Malaria affects over 3.5 million people in Bolivia each year. The Amazon basin regions of Beni and Pando have the country’s highest infection rates. In these regions, migratory worker populations, such as castañeros, or Brazil nut harvesters, run a high risk of malaria infection. Malaria is a great burden on the workers, their families, and even the country’s economy. When castañeros are sick with malaria, family income drops since workers do not earn their wages and family members stay home to care for them. In addition, the country’s Brazil nut market suffers. Bolivia supplies about 80 percent of the world’s Brazil nuts, with an annual market value of $48 million. At least 15,000 families from rural areas depend on this market for survival.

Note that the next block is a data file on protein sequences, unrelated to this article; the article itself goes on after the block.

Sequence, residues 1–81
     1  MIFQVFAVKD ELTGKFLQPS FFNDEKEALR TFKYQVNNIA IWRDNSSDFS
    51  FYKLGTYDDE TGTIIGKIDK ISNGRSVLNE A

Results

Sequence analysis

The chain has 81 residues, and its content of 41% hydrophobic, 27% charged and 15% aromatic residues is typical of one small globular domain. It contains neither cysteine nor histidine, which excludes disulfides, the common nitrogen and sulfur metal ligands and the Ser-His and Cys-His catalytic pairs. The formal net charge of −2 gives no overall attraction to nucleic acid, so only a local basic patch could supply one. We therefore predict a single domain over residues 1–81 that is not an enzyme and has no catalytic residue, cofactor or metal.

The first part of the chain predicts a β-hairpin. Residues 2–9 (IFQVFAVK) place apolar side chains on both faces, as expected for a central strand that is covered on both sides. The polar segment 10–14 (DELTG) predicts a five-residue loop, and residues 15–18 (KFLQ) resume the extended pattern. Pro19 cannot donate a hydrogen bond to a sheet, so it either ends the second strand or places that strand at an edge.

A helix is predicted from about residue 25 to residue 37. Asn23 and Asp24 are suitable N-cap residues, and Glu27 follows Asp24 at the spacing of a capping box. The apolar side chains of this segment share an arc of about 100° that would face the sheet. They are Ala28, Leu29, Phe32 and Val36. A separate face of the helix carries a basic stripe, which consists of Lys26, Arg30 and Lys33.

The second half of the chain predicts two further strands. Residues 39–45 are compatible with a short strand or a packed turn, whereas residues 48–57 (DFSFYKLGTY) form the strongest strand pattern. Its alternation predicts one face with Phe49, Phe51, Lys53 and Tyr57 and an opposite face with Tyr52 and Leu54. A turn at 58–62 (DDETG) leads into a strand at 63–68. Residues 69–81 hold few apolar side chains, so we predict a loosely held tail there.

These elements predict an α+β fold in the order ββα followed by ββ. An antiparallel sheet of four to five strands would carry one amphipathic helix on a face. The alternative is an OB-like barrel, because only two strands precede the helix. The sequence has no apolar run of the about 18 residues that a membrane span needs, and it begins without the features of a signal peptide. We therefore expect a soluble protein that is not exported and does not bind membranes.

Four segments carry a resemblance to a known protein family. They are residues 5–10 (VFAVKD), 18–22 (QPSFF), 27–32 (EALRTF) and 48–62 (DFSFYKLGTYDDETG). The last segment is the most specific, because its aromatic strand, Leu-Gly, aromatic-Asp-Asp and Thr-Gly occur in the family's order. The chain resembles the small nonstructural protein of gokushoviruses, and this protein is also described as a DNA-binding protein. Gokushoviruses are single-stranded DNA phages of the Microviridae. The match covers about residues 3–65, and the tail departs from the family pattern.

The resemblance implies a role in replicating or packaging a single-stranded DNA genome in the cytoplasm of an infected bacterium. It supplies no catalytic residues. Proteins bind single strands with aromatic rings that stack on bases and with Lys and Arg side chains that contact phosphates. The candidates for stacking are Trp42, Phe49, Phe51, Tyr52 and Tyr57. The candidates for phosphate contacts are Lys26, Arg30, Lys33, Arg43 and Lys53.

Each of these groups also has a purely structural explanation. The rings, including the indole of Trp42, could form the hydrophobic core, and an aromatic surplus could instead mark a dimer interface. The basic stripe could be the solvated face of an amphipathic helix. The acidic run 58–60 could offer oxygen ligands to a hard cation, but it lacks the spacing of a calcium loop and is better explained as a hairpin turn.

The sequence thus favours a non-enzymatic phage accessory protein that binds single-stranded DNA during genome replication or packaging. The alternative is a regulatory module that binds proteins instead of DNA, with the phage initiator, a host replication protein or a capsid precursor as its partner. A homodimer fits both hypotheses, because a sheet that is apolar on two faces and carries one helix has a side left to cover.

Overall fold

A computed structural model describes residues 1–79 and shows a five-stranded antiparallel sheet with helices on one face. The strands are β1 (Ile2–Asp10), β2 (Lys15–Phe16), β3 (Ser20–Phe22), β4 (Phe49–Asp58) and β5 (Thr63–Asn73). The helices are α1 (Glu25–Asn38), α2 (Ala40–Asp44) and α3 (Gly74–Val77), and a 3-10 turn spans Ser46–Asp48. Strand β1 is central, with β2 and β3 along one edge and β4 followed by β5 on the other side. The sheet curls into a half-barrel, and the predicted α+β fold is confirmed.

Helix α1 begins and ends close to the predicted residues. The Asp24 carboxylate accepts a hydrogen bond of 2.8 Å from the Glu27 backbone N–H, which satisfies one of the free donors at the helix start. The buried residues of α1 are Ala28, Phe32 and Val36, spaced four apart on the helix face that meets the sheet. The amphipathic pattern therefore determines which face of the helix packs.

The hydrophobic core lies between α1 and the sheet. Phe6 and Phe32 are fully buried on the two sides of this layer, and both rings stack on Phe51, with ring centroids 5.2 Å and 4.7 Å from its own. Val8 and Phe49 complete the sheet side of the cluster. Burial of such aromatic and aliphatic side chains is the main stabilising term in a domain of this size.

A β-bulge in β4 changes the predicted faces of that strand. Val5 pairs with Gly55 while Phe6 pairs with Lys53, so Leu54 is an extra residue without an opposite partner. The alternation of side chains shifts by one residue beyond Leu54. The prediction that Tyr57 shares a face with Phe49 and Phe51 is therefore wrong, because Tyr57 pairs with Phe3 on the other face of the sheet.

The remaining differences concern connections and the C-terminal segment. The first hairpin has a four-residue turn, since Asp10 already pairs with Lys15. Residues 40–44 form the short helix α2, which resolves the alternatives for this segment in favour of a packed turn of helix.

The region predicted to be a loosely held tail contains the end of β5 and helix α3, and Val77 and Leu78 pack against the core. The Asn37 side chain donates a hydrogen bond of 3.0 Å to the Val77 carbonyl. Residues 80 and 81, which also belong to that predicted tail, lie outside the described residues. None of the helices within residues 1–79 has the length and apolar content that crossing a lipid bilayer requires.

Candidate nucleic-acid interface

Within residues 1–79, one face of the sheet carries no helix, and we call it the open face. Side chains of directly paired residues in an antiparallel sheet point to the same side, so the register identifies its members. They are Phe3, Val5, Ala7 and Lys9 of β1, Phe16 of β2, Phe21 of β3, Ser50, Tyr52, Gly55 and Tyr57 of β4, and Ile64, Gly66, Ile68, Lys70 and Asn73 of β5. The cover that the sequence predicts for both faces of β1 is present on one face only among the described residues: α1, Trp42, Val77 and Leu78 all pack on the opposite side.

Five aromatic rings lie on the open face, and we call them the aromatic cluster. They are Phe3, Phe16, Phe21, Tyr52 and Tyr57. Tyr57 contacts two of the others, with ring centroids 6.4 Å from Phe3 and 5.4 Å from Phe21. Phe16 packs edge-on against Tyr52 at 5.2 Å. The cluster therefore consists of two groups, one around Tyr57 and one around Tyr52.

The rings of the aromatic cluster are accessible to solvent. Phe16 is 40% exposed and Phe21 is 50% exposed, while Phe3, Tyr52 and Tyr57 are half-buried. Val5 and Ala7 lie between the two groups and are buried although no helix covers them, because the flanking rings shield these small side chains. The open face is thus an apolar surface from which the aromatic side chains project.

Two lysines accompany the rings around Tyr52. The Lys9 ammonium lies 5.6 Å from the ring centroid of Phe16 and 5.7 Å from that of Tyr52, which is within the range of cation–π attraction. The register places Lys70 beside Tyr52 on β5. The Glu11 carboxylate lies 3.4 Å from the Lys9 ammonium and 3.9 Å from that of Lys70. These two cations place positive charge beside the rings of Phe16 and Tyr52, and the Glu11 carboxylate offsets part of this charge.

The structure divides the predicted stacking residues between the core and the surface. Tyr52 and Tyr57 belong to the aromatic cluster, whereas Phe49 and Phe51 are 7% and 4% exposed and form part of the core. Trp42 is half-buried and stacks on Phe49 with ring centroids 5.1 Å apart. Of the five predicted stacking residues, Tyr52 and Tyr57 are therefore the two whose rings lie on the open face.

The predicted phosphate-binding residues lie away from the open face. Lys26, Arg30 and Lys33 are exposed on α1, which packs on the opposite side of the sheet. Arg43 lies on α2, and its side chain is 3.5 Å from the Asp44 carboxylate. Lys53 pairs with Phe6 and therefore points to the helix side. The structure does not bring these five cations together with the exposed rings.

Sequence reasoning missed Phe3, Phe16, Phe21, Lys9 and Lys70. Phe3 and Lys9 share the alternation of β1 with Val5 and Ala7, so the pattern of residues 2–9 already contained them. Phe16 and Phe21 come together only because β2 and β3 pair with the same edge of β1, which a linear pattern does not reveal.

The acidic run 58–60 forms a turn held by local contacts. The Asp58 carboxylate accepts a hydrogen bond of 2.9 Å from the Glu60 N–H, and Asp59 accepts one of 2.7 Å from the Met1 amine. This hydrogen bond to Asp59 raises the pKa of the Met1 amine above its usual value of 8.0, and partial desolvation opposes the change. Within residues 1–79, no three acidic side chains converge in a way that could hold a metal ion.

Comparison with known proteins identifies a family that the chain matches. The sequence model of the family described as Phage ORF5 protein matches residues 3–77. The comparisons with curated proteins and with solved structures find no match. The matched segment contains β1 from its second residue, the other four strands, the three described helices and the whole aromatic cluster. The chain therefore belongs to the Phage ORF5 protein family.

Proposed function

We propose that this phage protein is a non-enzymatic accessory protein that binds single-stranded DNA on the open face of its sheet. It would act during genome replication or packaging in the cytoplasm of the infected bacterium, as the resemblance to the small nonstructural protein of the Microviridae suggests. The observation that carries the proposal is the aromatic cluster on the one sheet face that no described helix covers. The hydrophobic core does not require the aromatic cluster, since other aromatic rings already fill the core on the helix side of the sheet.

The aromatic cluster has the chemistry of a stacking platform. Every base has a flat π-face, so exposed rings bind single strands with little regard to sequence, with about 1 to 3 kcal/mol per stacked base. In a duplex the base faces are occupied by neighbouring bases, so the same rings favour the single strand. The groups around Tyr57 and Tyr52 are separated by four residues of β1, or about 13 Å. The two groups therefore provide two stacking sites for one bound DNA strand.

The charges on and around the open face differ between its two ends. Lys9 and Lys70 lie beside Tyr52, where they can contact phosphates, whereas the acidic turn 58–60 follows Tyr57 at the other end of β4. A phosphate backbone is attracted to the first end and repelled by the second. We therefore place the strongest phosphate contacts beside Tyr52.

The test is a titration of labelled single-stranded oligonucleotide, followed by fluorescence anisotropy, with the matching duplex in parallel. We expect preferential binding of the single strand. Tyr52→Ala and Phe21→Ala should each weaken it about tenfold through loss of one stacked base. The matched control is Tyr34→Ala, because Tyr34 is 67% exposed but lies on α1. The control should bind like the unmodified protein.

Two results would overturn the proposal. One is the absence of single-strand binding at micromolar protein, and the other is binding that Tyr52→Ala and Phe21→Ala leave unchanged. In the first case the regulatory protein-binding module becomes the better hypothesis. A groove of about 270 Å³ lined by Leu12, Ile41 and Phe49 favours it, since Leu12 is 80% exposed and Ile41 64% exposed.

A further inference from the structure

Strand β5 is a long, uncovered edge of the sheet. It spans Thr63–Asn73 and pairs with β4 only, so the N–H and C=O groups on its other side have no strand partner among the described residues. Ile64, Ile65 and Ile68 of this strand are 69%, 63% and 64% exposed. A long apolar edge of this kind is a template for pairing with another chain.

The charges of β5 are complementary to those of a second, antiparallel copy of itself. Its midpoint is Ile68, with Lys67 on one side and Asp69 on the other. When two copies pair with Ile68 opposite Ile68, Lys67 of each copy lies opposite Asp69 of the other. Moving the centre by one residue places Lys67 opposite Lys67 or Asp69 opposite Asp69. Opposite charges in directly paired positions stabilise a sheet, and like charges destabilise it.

In coordination with USAID, Bolivia’s Ministry of Health conducted a pilot study that involved training local health providers and voluntary health workers in malaria-prevention and treatment techniques. They learned how to use a rapid diagnosis test to quickly identify individuals among migrant populations who had contracted malaria. They also learned how to administer treatment and treated all malaria-infected individuals prior to their return home.
About one-third of 2,400 castañeros tested positive for malaria and they received immediate treatment. The USAID-sponsored pilot test demonstrated the effectiveness of this approach among migrant populations and strengthened local capacity in early diagnosis and treatment of malaria. The Ministry of Health and the National Malaria Program have committed resources to continue this project, with the promise of improving the health and productivity of many more Bolivians for years to come.
Last updated: November 22, 2013